Earlier this week, Achieving the Dream (ATD) convened Gateway to College leaders for a virtual event to build on two decades of success and to plan for the future of the network. Over two days, participants discussed navigating the pandemic and what new student needs emerged during that time. Leaders also looked at disaggregated data to understand Gateway’s impact on racial equity and explored how to expand the work to reach more students and further advance student success in our communities.
Dr. Karen A. Stout, president and CEO of Achieving the Dream, announced that even in the midst of a global pandemic and challenging distance learning environment, Gateway to College programs collectively surpassed 10,000 cumulative graduates.
“Despite the tremendous challenges of the past year, Gateway to College programs have gone to extraordinary lengths to sustain the strong sense of belonging that allows your students to thrive,” she said. “This is an important milestone for our network and I trust it will be a momentum point that we will build upon. Although we are all eager to put this pandemic behind us, it is crucial that our next move is forward — not back. To that end, we want to know not just how you overcame the challenges of the past year, but also what strategies from this unusual period you plan to keep.”
An outreach and enrollment panel focused on several Gateway to College program leaders have learned to help alleviate declining enrollments over the past year.
Adam Kunz, a past Gateway to College program manager for the St. Paul Public Schools, said the systems and relationships already established well before the pandemic contributed to their success.
“What became most important is that we were on academic life support — and that was keeping the enrollment going, keeping the student engaged in whatever engagement level that meant, so that we would see an end to this and have them in a place to continue,” Kunz said.
Strong community partnerships were essential, like dropout prevention officers who not only would act as connectors linking students who were good fits for Gateway to College, but who would also go above and beyond to make sure students were supported along the process, according to Scott Oliver, assistant program director at Camden County College.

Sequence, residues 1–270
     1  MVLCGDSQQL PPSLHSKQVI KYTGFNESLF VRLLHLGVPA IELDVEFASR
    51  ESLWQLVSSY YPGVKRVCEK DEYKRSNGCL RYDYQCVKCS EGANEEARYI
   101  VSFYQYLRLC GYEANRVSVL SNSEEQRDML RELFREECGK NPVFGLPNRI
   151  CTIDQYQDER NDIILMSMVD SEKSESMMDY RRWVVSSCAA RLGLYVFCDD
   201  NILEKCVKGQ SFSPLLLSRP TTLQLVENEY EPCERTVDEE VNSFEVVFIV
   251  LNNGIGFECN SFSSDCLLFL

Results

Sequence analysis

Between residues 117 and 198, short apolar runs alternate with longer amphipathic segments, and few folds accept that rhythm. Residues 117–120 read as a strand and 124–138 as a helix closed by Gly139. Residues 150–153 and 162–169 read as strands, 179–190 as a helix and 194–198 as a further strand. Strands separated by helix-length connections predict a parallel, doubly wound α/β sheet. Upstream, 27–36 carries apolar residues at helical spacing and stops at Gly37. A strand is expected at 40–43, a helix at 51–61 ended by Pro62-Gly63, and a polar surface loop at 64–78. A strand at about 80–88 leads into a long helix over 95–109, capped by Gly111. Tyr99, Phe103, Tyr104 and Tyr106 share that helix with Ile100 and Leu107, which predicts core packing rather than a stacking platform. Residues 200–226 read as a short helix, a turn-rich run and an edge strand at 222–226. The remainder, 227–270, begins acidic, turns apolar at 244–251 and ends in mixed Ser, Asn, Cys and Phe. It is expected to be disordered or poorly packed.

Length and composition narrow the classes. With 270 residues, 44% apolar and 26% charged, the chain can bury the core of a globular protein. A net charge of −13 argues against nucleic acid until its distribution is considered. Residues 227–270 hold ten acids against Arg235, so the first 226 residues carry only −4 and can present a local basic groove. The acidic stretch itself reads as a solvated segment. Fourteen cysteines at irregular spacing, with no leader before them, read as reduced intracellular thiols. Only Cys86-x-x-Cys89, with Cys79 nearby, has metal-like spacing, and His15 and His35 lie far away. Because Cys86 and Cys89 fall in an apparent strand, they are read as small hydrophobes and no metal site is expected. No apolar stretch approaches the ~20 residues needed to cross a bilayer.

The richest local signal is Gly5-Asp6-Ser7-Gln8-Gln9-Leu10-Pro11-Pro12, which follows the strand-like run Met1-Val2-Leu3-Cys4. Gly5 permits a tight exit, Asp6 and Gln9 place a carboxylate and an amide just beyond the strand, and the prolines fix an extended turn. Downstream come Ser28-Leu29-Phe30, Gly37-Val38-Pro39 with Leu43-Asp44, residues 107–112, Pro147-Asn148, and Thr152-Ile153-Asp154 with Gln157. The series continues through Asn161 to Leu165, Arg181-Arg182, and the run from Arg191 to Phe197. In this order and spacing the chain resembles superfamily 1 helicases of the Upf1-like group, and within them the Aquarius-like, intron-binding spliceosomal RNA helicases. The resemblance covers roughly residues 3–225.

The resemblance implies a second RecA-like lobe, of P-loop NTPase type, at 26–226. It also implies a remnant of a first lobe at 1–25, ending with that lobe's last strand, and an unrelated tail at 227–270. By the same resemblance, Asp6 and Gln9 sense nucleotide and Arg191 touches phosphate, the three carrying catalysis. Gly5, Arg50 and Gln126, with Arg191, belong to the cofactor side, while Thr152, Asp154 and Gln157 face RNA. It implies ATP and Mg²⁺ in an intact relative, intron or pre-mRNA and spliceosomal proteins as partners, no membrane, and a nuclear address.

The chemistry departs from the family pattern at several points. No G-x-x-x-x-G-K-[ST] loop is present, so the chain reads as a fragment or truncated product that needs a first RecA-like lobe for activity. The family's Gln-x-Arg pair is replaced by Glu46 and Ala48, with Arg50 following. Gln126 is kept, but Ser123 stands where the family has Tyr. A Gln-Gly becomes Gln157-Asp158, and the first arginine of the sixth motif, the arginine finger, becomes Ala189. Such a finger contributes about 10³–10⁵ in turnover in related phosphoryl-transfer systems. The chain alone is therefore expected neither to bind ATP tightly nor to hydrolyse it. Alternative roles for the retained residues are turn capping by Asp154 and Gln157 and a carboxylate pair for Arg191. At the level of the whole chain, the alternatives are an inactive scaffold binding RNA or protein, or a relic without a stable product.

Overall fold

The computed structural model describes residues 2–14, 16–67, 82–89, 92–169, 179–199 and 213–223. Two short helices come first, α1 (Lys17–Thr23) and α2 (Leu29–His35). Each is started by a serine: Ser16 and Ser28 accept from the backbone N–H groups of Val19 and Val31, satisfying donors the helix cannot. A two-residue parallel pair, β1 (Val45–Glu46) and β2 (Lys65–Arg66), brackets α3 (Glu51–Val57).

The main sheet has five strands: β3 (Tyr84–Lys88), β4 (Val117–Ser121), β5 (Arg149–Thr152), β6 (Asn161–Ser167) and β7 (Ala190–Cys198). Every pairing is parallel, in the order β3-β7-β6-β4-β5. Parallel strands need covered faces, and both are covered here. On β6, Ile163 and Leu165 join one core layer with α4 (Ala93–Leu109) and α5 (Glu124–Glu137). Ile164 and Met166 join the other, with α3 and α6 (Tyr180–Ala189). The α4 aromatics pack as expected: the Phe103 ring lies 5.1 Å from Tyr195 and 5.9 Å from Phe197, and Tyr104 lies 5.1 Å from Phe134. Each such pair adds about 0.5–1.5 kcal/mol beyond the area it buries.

“We realized that they were a perfect representation of what the district and Gateway believes in: You leave no potential success story behind. You try to basically look to every potential applicant and see who we can support.”
Additional sessions focused on tools and data that Gateway programs can use to set equity goals and strategies, how Gateway programs are critical to ensuring historically marginalized students succeed in programs, examples that expand the impact of Gateway to College programs and increase integration to the broader student access agenda, and finally, imagined the future of the network.
As ATD Network institutions rethink dual enrollment — and how colleges work with K–12 generally — the next phase of work is to support colleges to build a comprehensive, strategic portfolio of K–12 partnerships focused on achieving equitable outcomes, Dr. Stout said.
“Our thinking about these partnerships has Gateway as a cornerstone, prompting the question: ‘Who are the members of the community who are not currently accessing higher education, and what support do they need to feel welcome and successful?’” Dr. Stout said.